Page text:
The 2018 version is a different beast from its predecessor, though, with the older four-cylinder engine replaced with a three-pot. Since that news came out, there have been questions about whether that lost cylinder would harm the Fiesta ST’s status as the world’s best compact hot hatch. But we’ve not had any hard evidence to go by – until now.
Leo Roeks, the European Director of Ford’s performance car division, is standing underneath the new Fiesta ST, pointing at things. They are all new and interesting things; suspension things, chassis things, drivetrain things, steering things and other things, too. And he’s been pointing at them for about ten minutes now without waving his index finger anywhere near the three-cylinder engine that’s moved in under the car’s bonnet.
That engine has, up until now, been pretty much the only significant mechanical item that we were expecting to be really ‘new’ about this car.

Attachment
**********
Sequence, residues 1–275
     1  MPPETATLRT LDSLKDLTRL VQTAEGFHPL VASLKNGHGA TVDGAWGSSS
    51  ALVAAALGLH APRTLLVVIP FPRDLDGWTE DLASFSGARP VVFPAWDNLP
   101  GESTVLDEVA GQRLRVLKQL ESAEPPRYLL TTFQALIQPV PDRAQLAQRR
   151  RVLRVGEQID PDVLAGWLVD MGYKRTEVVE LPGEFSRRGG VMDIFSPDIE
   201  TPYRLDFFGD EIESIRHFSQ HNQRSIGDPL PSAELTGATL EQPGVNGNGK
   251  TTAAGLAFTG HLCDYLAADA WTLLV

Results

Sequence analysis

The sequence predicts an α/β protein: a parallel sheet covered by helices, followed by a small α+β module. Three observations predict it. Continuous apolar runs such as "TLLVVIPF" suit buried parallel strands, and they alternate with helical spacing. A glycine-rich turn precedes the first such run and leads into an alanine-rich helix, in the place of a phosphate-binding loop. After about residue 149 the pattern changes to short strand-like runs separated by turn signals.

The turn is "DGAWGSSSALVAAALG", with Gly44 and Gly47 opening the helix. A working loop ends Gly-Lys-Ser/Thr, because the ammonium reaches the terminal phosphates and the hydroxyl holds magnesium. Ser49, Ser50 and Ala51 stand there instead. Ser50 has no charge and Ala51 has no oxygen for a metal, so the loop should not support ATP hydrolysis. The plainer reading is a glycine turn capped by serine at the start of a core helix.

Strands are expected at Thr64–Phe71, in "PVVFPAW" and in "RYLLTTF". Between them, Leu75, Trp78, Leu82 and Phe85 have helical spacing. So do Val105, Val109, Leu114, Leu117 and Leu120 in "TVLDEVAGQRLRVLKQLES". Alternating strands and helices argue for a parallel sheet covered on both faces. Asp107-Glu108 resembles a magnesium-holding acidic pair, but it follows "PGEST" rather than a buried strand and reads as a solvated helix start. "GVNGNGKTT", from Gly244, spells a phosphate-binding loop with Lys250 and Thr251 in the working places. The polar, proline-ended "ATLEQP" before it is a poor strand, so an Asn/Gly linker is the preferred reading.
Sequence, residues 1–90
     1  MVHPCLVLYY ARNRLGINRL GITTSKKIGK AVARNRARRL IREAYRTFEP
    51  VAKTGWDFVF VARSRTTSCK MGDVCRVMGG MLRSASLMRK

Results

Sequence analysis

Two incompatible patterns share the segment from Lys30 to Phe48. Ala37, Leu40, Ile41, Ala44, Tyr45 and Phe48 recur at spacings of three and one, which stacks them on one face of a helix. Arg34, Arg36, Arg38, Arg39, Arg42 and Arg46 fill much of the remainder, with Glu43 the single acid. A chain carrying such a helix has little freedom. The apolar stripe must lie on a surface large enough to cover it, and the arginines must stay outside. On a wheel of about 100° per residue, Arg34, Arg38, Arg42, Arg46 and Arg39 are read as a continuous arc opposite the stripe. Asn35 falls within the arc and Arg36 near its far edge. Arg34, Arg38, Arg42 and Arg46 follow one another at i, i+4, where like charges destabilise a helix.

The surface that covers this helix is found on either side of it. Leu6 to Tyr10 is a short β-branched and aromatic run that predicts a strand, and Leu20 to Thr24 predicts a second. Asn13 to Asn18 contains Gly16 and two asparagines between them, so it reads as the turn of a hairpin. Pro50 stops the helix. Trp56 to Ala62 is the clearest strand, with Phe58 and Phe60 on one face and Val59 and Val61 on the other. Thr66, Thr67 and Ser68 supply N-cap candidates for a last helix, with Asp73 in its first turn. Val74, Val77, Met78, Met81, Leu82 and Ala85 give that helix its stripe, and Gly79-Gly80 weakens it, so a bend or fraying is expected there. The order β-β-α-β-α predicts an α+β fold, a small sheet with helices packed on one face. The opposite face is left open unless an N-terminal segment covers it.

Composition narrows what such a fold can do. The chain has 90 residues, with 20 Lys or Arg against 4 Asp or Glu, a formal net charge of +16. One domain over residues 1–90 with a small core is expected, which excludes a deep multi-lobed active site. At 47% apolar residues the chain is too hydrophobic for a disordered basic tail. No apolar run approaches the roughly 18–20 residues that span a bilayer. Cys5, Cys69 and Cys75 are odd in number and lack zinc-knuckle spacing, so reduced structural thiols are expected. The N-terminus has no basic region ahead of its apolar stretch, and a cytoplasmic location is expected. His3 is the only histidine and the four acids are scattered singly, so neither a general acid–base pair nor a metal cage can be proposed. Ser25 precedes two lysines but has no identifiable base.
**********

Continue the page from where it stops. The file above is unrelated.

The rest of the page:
But Ford’s cards have been kept very close to its chest, as it turns out, because its PR department plainly understands how best to string out a dramatic narrative when it comes to its most copy-worthy new model introductions. Quite possibly another reason is that Ford was guilty of over-hyping its last big introduction, the current Focus RS, during the protracted build-up to its launch.
Whatever Ford’s motivation for the initial secrecy, it’s gradually becoming clear that the opportunity to dynamically improve a car few would have said needed much improvement hasn’t been passed up. This is evidently a lot more than just a last-gen Fiesta ST with some new panels and a cylinder lopped off.